I have a question regarding for the game app and in business. You see, I decided to publish an app to Google Play. When I published it, does this app automatically declared that this app is copyrighted or copyright protected by the publisher and creator like me itself or not? If not, does it have to seek something or required to register this app for copyright authentication via online or at office or not?

  • \$\begingroup\$ That depends on where you live, but most likely you don't have to register anything. Copyright is automatically assigned on creation. As always, consult a specialized lawyer for advice. \$\endgroup\$ – Panda Pajama Feb 7 '13 at 6:54
  • \$\begingroup\$ Is it automatically acknowledged/recognized by users even if he/she didn't see the copyright logo/icon, this app is still copyrighted? \$\endgroup\$ – David Dimalanta Feb 7 '13 at 7:08
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    \$\begingroup\$ Yes, at least in the United States. If you google "should I register for copyright?" you will get better and more authoritative answers than in here. You should really try google first, it will save you a lot of time. \$\endgroup\$ – Panda Pajama Feb 7 '13 at 7:44
  • \$\begingroup\$ The fact that it exists means someone created it, that creator has certain legal rights over their own creation simply because they were the one who created it, i.e. copyright. \$\endgroup\$ – IKM May 29 '18 at 20:31

The moment you create a creative work, you automatically have an exclusive copyright on it. This is guaranteed by various international copyright treates (like the Berne Convention) which are recognized by almost all countries worldwide.

In some jurisdictions you can register a copyright for a work (in the USA, you can do so at the United States Copyright Office), but this is optional and not necessarily required to enforce your rights in court when you have other prove that you created the work.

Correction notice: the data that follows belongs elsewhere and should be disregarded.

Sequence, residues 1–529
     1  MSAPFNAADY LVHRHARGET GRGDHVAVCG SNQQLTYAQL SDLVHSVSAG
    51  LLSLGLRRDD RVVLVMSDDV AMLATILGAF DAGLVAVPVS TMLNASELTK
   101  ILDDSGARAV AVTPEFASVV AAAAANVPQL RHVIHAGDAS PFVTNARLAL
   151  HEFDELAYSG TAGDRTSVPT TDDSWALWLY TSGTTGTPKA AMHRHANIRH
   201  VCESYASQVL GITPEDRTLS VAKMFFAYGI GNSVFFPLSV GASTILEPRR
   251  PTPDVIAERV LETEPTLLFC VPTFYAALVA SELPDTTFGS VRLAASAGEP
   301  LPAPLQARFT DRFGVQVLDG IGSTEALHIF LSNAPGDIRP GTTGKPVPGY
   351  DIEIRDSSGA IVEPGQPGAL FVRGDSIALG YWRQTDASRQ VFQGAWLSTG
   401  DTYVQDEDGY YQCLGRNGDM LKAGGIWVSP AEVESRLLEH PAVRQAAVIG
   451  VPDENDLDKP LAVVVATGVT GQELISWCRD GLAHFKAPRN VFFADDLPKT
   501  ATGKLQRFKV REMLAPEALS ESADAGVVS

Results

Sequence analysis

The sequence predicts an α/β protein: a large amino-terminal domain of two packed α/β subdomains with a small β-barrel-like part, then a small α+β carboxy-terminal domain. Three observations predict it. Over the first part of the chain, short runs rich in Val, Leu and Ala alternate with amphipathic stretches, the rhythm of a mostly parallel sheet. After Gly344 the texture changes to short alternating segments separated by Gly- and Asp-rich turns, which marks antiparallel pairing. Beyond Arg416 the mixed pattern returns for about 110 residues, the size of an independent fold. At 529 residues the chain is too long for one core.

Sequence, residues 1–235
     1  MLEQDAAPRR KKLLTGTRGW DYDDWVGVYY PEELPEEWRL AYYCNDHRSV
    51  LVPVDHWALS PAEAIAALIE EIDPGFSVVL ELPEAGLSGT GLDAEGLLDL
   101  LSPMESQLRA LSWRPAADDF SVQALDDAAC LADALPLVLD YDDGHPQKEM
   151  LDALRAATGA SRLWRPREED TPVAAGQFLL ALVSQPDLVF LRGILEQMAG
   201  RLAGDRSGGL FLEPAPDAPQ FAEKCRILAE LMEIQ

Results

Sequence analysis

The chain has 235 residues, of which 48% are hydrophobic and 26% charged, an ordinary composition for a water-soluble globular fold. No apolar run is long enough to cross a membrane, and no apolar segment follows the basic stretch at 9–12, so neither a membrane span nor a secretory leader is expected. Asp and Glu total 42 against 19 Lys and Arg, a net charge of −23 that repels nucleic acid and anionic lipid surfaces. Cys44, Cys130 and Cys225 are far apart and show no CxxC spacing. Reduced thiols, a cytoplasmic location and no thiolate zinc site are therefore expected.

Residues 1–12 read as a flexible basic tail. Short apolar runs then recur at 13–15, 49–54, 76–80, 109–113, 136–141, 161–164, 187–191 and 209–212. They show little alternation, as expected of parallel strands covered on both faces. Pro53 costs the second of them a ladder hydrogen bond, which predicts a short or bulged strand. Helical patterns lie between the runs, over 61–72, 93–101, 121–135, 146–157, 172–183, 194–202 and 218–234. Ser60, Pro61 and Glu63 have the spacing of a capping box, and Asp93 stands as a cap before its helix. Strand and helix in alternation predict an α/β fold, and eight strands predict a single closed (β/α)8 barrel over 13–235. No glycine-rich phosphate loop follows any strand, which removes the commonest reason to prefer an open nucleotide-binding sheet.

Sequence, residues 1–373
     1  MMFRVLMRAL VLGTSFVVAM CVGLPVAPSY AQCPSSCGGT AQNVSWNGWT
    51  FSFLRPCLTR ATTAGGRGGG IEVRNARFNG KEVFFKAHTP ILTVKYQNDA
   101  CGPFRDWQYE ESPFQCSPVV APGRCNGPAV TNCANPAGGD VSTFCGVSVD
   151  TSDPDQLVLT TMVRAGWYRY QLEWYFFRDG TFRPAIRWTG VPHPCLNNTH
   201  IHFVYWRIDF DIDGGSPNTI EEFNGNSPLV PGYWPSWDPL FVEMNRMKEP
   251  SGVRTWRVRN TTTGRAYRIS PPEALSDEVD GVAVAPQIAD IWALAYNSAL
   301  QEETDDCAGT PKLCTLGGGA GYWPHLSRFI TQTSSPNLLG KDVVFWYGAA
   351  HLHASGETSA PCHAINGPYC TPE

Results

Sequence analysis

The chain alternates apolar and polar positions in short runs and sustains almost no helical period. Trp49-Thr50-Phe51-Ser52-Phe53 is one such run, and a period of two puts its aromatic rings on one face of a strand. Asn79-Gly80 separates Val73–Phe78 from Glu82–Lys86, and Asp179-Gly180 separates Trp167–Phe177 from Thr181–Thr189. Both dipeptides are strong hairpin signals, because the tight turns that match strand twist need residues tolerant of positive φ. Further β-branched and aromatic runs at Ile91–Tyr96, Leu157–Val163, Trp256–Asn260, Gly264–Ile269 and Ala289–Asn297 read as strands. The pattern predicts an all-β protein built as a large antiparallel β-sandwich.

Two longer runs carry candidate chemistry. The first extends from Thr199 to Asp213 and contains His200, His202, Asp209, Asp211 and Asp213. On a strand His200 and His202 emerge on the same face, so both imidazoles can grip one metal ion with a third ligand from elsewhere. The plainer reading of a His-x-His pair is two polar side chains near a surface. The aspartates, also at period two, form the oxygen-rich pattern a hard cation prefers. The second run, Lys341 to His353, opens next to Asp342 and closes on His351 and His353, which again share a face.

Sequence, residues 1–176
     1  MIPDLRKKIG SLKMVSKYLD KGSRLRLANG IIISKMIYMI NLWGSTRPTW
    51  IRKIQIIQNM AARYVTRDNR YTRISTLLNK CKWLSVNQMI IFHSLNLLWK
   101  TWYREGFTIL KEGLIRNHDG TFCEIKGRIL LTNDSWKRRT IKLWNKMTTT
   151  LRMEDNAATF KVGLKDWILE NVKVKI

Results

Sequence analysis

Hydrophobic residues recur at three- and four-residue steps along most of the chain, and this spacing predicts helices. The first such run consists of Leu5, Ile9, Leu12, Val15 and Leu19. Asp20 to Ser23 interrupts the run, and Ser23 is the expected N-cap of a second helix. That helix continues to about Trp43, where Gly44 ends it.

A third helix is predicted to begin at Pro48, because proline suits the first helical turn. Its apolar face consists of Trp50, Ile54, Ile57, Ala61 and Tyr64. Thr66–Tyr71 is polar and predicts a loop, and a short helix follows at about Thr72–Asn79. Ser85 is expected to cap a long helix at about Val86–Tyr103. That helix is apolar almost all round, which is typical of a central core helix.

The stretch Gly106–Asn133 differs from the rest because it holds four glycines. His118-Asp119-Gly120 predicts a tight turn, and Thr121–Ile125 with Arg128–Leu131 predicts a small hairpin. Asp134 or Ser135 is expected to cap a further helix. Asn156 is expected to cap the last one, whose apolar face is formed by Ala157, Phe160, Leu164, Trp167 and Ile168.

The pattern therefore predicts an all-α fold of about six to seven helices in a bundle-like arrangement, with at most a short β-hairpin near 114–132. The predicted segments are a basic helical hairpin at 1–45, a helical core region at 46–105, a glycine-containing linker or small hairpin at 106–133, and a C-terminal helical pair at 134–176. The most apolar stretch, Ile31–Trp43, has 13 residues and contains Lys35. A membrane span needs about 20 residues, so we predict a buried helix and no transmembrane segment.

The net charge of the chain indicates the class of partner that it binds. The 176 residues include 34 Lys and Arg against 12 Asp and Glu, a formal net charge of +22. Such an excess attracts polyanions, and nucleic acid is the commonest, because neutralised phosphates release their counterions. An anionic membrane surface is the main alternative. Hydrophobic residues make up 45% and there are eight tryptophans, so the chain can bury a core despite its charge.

An explicit copyright notice ("Copyright ©2013 John Doe, all rights reserved") is not required either. It is just used as a friendly reminder to people that you are the copyright owner and that you care about your copyright. But such a notice is not required to enforce it, should someone violate it.

When you publish something on google play, you give google a non-exclusive license to distribute your software (otherwise they wouldn't be allowed to publish it). Non-exclusive means that you retain the copyright. You can still publish it yourself, license it to other entities and sue entities which distribute it without your permission.

  • \$\begingroup\$ So that means no worries. There are some process to take in order to publish apps at Google Play and this app is automatically copyright protected without further notice? \$\endgroup\$ – David Dimalanta Feb 7 '13 at 10:14
  • \$\begingroup\$ I saw something from your link you've gave me an it said that under Article 3(4), " simultaneously" is defined as "within 30 days ". Is there a limit? \$\endgroup\$ – David Dimalanta Feb 7 '13 at 12:05
  • \$\begingroup\$ I would recommend you to read the original text of the convention. This is only relevant for publishing in countries which are not part of the Berne convention - and those are very few. But keep in mind that the Berne convention itself is not a law. The convention is implemented in each participating country with local laws which interprete the convention differently. Check your local copyright laws and those of the United States (because they are the laws which apply to Google). \$\endgroup\$ – Philipp Feb 7 '13 at 12:32

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